Published: Wed May 15 2019 12:30 PM
Last night’s M5.1 quake off the east coast of the North Island in the subducting Pacific Plate was similar to past earthquakes in this area.
The magnitude 5.1 quake was 29 kilometres deep and 371 people filled in a felt report.
Our scientists have been closely studying quakes in the Hikurangi Subduction Zone region to build more understanding of what processes are at play, and what this means for the New Zealand public.
We’ve been updating you on the progress of a slow-slip event since the start of April 2019. We typically see higher rates of earthquake activity during slow-slip events in New Zealand. This earthquake may be related to the ongoing slow-slip event off the east coast.
We’ve got instruments offshore gathering data on offshore quakes and land movements to help us understand more about these-slow slip events. These instruments will pick up on the increased local seismic activity that we are seeing as a result of the slow-slip event off the coast of Gisborne and Hawke’s Bay.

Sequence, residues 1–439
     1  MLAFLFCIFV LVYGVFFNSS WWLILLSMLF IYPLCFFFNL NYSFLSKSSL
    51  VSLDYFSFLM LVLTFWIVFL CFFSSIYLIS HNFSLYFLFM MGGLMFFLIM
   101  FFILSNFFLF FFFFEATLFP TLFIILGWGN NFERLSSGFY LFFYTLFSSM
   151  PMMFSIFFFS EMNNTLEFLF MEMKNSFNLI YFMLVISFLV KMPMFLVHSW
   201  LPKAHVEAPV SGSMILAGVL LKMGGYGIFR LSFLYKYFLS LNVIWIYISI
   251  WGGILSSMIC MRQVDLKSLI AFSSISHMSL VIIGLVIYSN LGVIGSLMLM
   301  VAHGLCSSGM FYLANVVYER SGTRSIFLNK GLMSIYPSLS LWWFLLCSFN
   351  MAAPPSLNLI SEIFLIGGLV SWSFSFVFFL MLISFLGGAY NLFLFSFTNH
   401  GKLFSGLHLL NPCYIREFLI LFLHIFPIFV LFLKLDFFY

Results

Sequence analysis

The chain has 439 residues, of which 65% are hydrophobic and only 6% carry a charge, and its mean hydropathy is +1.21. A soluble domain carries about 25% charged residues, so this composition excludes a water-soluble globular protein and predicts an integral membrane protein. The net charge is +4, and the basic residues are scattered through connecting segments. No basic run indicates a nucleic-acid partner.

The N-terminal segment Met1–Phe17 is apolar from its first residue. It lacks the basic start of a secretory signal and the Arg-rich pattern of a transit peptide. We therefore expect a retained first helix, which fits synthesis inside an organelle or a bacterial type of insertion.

GeoNet has been registering slow-slip activity since our GPS network was deployed in 2002. Since then, we’ve seen slow-slip events in this area every 1-2 years, with larger events every 4-6 years. This event is currently about the size of the previous largest slow-slip event we recorded in early 2010.
Remember that if you feel earthquake shaking to DROP, COVER and HOLD. If you are close to the water, once shaking stops, immediately get to higher ground out of all tsunami evacuation zones or as far inland as you can. Remember, if you feel a LONG OR STRONG quake GET GONE in case a tsunami follows. Long is considered longer than a minute, and strong is classified as hard to stand up.
Here are some links to articles on the Hikurangi Subduction Zone and our previous slow-slip event updates:
From East Coast LAB
Attributable to - Dr Jonathan Hanson – Duty Seismologist
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